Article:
A big attraction of setting up the “small bird stepping stone” plantations on Esdale this year (five 20m x 20m areas that link the Mullion Creek vegetation to the Murrumbidgee) was the promised monitoring of the plants and animals. I’m really interested to see what the changes will be as the trees and shrubs grow.
It’s great to have an outsider do the official counts because I’m a lousy birdwatcher. I let myself be discouraged at an early age because I was short-sighted and found it hard to pick out a swan at twenty paces. Craig is better, especially with raptors and parrots, but we’re both unreliable with calls and identifying the little brown birds that all look so alike to the ignorant.
Somehow, they can tell themselves apart.
Anyway, the lovely Lesley Peden from the Kosciuszko to Coast Foundation brought Damon Oliver from the Office of Environment and Heritage to make an official bird count for each enclosure.
They had to fight their way through the long grass to get to them. Then at each one Damon set his stopwatch and started listening and looking around.
Unsurprisingly, the top of the ridge near the existing stringybark, bursaria and yellow box groves had the highest number of birds. The number of species decreased rapidly as we went down the hill through the naked treeless paddocks, and just began to pick up again at the bottom where there are some large remnant trees. I plan to add some more areas next year to the edges of the lucerne paddock. They will strengthen the connection with the river, and should help build the numbers of birds there as well as helping protect more of the remaining old eucalypts.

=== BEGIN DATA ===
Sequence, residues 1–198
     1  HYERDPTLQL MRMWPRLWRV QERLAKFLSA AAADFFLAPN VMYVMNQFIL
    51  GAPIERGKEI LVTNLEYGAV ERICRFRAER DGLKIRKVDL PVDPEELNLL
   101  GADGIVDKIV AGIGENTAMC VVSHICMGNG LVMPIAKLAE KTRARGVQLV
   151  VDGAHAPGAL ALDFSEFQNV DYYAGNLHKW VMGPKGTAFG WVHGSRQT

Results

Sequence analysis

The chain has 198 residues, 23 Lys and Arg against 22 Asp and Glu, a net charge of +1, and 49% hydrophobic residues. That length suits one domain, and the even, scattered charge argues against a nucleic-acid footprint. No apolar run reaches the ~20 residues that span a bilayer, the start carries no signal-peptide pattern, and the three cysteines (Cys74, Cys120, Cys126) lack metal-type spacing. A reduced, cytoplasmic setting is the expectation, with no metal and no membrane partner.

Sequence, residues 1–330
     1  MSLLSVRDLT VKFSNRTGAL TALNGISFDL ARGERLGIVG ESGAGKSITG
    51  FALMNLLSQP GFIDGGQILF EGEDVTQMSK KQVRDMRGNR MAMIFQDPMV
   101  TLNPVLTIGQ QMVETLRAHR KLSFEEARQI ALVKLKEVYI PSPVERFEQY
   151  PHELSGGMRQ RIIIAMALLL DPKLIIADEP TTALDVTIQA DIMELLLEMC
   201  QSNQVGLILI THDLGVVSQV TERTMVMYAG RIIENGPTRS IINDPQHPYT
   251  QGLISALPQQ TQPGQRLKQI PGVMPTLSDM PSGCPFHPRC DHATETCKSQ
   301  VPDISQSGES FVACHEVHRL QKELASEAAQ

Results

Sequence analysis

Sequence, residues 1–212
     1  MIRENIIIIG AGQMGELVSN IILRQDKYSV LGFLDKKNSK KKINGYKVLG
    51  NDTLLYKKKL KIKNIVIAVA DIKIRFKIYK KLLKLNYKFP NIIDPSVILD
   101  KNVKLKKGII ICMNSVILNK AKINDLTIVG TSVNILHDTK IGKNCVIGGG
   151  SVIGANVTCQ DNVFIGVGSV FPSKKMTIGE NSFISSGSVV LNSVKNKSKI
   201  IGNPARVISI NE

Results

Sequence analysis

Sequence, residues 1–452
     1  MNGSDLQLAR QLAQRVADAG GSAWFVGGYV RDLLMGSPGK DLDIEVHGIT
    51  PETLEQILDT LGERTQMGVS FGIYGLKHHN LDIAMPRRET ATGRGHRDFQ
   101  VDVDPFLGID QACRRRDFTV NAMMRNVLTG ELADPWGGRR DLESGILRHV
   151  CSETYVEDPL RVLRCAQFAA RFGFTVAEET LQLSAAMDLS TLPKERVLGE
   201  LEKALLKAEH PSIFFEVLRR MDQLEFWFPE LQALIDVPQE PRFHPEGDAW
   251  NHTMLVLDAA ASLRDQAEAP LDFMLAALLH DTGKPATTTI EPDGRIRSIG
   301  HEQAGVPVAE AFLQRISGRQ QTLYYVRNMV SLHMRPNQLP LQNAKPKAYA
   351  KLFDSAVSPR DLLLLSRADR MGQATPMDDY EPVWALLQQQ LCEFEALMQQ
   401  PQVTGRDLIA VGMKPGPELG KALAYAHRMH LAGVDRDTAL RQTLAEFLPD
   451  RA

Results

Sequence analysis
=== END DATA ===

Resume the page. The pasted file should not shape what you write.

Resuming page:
While Damon did his counting in the top area, there was a drama going on in a big recently dead tree nearby.
A dusky woodswallow was determinedly attacking a large brown falcon that was just as stubbornly sticking around.
The tiny woodswallow presumably had a nest of twigs somewhere in the dead tree and was trying to keep the falcon away.
The woodswallow finally managed to irritate the falcon enough that it flew off.
But it only circled for a while, then came back to the other side of the tree.
As Damon worked his way down the hill for ten minutes at each enclosure, the battle went on.
Other than the brown falcon (falco berigora) the only uncommon or vulnerable birds he found were the diamond firetail finch (stagonopleura guttata) and the white winged triller (lalage tricolor or suerii?)
The diamond firetail is a beautiful small bird, and one of the targets for the Kosciuszko to Coast rescue program (picture here). It likes open grassy woodland, but when there is too little cover, the currawongs and other predator birds eat them. That’s why we’re planting trees.
The white-winged triller is interesting because they make communal nests, sometimes in a large colony (picture here). They eat mostly insects, both flying and on the ground. Excellent. We want them to eat more bugs like the ones I’m swatting away at the moment.
I was horrified to realise that the birds that I’d seen flocking around like starlings are in fact the introduced European starlings that seem now to have escaped from the cities and made for the bush. I’d been using my special wilful blindness technique to avoid seeing them.
Anyway, here’s Damon’s list of 48 birds. It’ll be interesting to see what’s here the next time.
|ENCLOSURE 1 (E675502, N6113535)||0830-0840 hrs||number seen/heard|
|ENCLOSURE 2 (E675627, N6113561)||0847-0857 hrs|
|ENCLOSURE 3 (E675621, N6113659)||0901-0911 hrs|
|Brown Falcon (same bird as above)||1|
|ENCLOSURE 4 (E675613, N6113737)||0914-0924 hrs|
|ENCLOSURE 5 (E675681, N6113934)||0933-0943|
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